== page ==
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Police open investigation of hit by Bruins player

Montreal police started a criminal investigation Thursday into the on-ice hit by Boston's Zdeno Chara that left the Canadiens' Max Pacioretty with a severe concussion and cracked vertebra.

Police said they are acting on a request by Quebec's director of criminal and penal prosecutions, Louis Dionne. Police added that after evidence is collected it will then be determined if there are grounds for prosecution.

The NHL said a day earlier it would not suspend Chara for Tuesday night's hit, when he slammed Pacioretty into a glass partition.

NHL Commissioner Gary Bettman declined to comment Thursday while on his way to a congressional briefing in Washington, D.C. focusing on the state of hockey in America.

There has been strong debate this season over injuries from hits to the head. Pittsburgh star Sidney Crosby is among those sidelined with such an injury.

In a related matter, Air Canada has told the NHL it is considering withdrawing its sponsorship unless the league tightens rules to reduce potentially serious injuries.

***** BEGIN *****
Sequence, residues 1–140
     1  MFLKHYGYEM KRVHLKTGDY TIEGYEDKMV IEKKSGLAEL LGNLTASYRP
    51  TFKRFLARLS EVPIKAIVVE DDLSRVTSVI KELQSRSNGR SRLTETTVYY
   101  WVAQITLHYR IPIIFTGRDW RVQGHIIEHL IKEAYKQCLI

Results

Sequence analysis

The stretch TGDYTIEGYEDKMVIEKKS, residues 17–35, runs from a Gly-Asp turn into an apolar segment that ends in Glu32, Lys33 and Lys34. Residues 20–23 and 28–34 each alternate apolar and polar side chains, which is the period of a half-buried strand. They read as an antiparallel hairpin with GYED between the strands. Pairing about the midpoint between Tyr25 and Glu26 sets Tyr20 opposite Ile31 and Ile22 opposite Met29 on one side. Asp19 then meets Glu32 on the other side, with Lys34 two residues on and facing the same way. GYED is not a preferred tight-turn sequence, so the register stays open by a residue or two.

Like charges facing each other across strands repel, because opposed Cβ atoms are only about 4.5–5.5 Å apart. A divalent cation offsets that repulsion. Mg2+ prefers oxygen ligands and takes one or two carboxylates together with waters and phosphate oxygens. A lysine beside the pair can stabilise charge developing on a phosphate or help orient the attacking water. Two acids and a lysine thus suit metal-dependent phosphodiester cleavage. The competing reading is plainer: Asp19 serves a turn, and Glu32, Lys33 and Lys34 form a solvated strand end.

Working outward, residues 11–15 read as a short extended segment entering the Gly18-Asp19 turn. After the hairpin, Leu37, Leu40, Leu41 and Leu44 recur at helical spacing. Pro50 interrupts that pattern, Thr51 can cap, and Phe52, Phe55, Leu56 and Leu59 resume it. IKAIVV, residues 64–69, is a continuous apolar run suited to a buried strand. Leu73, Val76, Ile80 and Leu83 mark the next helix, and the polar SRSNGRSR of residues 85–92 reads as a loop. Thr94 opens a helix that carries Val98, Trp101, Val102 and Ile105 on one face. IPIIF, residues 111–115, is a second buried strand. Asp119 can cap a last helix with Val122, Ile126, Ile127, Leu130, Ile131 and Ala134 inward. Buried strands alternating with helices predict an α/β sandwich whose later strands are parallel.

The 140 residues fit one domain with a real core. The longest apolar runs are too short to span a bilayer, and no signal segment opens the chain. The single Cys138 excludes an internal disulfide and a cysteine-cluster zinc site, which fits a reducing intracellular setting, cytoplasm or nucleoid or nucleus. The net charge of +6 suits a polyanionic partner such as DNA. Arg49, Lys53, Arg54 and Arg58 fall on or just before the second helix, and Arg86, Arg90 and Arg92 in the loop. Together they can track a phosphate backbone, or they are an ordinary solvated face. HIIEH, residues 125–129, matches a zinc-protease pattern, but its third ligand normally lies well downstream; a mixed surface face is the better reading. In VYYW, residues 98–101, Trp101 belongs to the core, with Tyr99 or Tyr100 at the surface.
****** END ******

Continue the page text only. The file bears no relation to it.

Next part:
Dionne filed his request for an investigation after watching television footage of Chara's hit, his spokeswoman said.

"The police investigation will be held. Like all police investigations, evidence will be gathered and an investigation report will be submitted, spokeswoman Martine Berube said. "(The DCPP) will then evaluate to see whether there's grounds for prosecution."

Asked what kind of punishment could be assessed in a case like Chara's, she replied: "It's too early to say. That would depend on what charges are laid. That's a little difficult to predict at this point."

Pacioretty, a left wing from Connecticut, is a regular top-line player for Montreal. With he and Chara racing for the puck near the player benches, Chara checked Pacioretty into the boards, sending him slamming into a stanchion supporting the glass.

The hit drew criticism from Gary Lunn, the minister of state for sports, and others outside the league. Lunn called it unacceptable.

But the league deemed it "a hockey play that resulted in an injury because of the player colliding with the stanchion and then the ice surface."

Chara, who said he had no intent to hurt Pacioretty, was given a major penalty for interference and a game misconduct on the play. The Bruins' captain has never been suspended in his 13-year career.

Pacioretty told TSN he was "upset and disgusted" that the league had not suspended Chara.

"I'm not mad for myself, I'm mad because if other players see a hit like that and think it's OK, they won't be suspended, then other players will get hurt like I got hurt," he said.

(This version CORRECTS spelling to vertebra)